I'm delighted that this film is finally on DVD. A 'growing up' tale of a boy and his grandmother's determination to see him leave the sugarcane plantations and achieve a better life.

Memorable film making, this is not a complicated story, but clearly deeply felt by the writer/director, and it has a old fashioned depth and pace to it that contrasts vividly (to this film's advantage) with Hollywood's empty flashiness.

It reminds me in some ways of another little-known gem and growingup tale, Allen Fong's Father and Son, a Hong Kong movie.

One quibble - why change the name?

A big hand however for making this available on DVD and resisting the temptation to dub it for American audiences, who apparently don't like sub-titles...
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9 of 10 people found the following review helpful By Tremis on July 19, 2005
Format: DVD
I really enjoyed this movie. Seeing a story of what life was like during that time in the Caribbean really showed me that black people are the same no matter where we are. This move is about a young man growing up in a sugar cane field and he is very smart and talented. He has the family support he needs around him, and with his intelligence and determination, he wins a scholarship to a top school in the island's main town. What makes it more powerful is that by the time he achieves all this success, his father figure and mother figure die. It is almost as if they were meant to be in his life to carry him to that point and then leave the earth because they did they came to do.

I don't care that the movie was in French with English subtitles, I really wish that people made more movies like this. Very good movie.
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7 of 8 people found the following review helpful By Sea Air on October 23, 2000
Format: DVD
As a French major and prospective teacher of French, I ofcourse find this a valuable tool for the classroom--BUT it's so muchmore than that! Since it's so often used in the classroom people tendto neglect that this is an outstanding film, beautifully put togetherwith some memorable acting. Anyone studying West Indian literaturewill get a chance to see in full color an outstanding representationof life in colonial Caribbean. (French teachers can also note that inusing a DVD you have the advantage of switching off the subtitles formore advanced students. And certainly native speakers will appreciatethis feature.) END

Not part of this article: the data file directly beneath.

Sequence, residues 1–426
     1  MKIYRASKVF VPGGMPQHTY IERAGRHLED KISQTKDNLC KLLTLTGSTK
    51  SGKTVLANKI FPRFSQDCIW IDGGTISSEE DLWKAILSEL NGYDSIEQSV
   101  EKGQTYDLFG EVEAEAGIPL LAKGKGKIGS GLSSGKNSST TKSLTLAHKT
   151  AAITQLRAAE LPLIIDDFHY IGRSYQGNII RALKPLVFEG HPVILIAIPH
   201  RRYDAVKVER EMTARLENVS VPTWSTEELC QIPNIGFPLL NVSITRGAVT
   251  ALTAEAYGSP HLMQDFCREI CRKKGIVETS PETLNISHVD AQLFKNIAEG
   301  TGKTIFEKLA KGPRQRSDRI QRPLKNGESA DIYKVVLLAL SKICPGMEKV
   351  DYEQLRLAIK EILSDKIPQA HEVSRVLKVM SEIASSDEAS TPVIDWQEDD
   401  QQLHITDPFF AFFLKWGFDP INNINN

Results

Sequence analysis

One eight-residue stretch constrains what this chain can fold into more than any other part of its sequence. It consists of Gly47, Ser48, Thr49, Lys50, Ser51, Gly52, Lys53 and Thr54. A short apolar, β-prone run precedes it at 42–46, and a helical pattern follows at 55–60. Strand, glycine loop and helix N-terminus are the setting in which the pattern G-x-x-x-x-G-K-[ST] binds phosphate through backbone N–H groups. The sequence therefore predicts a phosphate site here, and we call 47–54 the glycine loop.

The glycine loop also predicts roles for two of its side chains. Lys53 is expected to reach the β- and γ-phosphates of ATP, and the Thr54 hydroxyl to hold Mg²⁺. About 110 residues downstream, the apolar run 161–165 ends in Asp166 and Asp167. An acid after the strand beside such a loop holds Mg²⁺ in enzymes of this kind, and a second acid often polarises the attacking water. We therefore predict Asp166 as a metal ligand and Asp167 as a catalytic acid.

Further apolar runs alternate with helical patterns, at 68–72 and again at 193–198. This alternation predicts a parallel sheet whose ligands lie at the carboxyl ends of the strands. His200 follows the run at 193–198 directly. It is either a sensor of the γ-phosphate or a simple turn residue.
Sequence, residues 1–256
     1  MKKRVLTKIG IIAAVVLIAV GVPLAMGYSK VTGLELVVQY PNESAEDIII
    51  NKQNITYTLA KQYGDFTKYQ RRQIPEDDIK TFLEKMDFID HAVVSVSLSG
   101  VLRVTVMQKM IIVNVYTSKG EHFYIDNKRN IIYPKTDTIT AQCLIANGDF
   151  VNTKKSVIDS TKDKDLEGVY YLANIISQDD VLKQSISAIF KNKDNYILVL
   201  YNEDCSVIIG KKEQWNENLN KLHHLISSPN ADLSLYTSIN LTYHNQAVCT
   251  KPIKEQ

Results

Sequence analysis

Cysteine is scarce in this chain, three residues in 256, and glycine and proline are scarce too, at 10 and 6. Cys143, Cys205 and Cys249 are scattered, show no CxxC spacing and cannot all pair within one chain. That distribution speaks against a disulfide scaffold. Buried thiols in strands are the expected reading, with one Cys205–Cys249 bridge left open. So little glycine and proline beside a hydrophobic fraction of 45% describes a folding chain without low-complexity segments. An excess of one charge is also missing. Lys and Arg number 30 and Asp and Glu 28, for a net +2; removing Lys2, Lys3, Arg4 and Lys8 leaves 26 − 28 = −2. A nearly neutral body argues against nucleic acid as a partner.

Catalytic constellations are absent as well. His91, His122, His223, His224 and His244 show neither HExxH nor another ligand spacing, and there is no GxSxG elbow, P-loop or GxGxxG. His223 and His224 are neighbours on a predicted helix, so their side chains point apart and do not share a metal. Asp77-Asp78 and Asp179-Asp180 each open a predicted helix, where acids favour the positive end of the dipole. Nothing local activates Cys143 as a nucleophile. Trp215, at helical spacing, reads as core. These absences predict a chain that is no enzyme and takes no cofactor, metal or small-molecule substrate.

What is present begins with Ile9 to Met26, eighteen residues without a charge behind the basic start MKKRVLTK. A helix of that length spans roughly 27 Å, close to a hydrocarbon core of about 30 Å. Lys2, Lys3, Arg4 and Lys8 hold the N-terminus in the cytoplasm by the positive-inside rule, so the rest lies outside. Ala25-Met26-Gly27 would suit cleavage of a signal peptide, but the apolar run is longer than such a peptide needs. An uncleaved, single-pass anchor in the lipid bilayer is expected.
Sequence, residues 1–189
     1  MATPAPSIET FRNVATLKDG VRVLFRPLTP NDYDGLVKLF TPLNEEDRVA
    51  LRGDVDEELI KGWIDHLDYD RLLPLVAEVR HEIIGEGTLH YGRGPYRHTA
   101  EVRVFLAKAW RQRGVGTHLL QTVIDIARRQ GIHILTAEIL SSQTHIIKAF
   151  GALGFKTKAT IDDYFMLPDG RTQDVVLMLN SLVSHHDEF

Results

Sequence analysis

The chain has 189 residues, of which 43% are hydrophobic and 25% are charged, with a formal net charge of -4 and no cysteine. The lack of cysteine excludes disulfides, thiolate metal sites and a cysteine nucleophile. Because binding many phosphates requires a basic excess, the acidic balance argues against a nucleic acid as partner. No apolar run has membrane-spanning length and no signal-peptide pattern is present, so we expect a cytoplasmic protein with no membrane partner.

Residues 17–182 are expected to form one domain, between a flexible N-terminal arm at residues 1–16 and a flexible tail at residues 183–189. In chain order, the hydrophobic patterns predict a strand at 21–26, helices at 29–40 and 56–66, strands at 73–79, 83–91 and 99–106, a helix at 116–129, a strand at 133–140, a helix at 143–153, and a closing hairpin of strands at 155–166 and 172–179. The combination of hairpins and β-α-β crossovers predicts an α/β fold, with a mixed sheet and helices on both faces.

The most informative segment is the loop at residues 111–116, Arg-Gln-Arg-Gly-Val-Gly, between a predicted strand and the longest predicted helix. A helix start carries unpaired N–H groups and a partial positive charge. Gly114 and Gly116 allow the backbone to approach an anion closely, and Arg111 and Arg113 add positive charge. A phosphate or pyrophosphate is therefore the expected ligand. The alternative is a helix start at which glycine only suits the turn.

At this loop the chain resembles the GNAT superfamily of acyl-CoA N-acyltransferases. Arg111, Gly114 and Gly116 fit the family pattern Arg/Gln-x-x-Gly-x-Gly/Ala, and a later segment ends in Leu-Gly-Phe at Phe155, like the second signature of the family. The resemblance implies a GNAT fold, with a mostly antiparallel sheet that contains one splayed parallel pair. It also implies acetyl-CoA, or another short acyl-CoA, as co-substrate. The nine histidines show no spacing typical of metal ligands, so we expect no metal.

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6 of 7 people found the following review helpful By Yanique Edmond on September 25, 2003
Format: VHS Tape
To clarify this movie takes place in Martinique, a French territory, not Haiti, the first free Black nation. I found this movie to be interesting, engaging, and realistic in it's themes. I recommend it as a required viewing for world studies high school classes and college classes on caribbean culture.
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2 of 2 people found the following review helpful By E. Drake on March 3, 2008
Format: DVD
This movie depicts the life of sugar cane field workers in the French Caribbean and the great difficulty they have in doing anything else but working in the fields. It is also a delightful movie on poor blacks in the Caribbean, showing the day-to-day fun of the youth, and the real, practical concerns of their parents. In many respects it shows the intensiveness of Sugar cane harvesting, and is a nice movie to view for those who are interested in the story of sugar and its great impact on the modern Western Civilization. The movie is a nice companion to the great anthropologist Sidney Mintz' book Sweetness and Power: The Place of Sugar in Modern History. The unknown actors are a treat for both their innocence and naturalness. Two to note are the main character of the movie, a young boy named Jose and an old man in the movie whose facial expressions and words stay with you long after the movie is over (particularly in the scene with Jose and him around a fire). To get more technical, the movie was not fantastic as there were not too many scenes that resonated more than this one just mentioned, the movie was however simply delightful. For Language buffs a nice introduction to Caribbean French.